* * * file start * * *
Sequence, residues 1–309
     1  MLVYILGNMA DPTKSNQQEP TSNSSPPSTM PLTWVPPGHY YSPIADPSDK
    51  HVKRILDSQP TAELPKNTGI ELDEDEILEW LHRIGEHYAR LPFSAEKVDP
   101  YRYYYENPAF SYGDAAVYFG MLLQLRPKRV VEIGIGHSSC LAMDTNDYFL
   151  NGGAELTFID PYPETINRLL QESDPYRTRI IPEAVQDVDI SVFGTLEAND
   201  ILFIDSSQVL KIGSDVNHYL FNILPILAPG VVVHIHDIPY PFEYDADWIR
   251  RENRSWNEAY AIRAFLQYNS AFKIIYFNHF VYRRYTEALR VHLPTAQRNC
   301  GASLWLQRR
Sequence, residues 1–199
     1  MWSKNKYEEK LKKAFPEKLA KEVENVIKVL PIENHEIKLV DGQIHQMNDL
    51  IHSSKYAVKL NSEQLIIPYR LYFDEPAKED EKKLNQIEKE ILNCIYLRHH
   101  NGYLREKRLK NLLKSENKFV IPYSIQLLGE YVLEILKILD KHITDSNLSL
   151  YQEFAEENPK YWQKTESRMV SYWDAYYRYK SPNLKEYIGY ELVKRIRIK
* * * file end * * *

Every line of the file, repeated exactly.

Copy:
Sequence, residues 1–309
     1  MLVYILGNMA DPTKSNQQEP TSNSSPPSTM PLTWVPPGHY YSPIADPSDK
    51  HVKRILDSQP TAELPKNTGI ELDEDEILEW LHRIGEHYAR LPFSAEKVDP
   101  YRYYYENPAF SYGDAAVYFG MLLQLRPKRV VEIGIGHSSC LAMDTNDYFL
   151  NGGAELTFID PYPETINRLL QESDPYRTRI IPEAVQDVDI SVFGTLEAND
   201  ILFIDSSQVL KIGSDVNHYL FNILPILAPG VVVHIHDIPY PFEYDADWIR
   251  RENRSWNEAY AIRAFLQYNS AFKIIYFNHF VYRRYTEALR VHLPTAQRNC
   301  GASLWLQRR
Sequence, residues 1–199
     1  MWSKNKYEEK LKKAFPEKLA KEVENVIKVL PIENHEIKLV DGQIHQMNDL
    51  IHSSKYAVKL NSEQLIIPYR LYFDEPAKED EKKLNQIEKE ILNCIYLRHH
   101  NGYLREKRLK NLLKSENKFV IPYSIQLLGE YVLEILKILD KHITDSNLSL
   151  YQEFAEENPK YWQKTESRMV SYWDAYYRYK SPNLKEYIGY ELVKRIRIK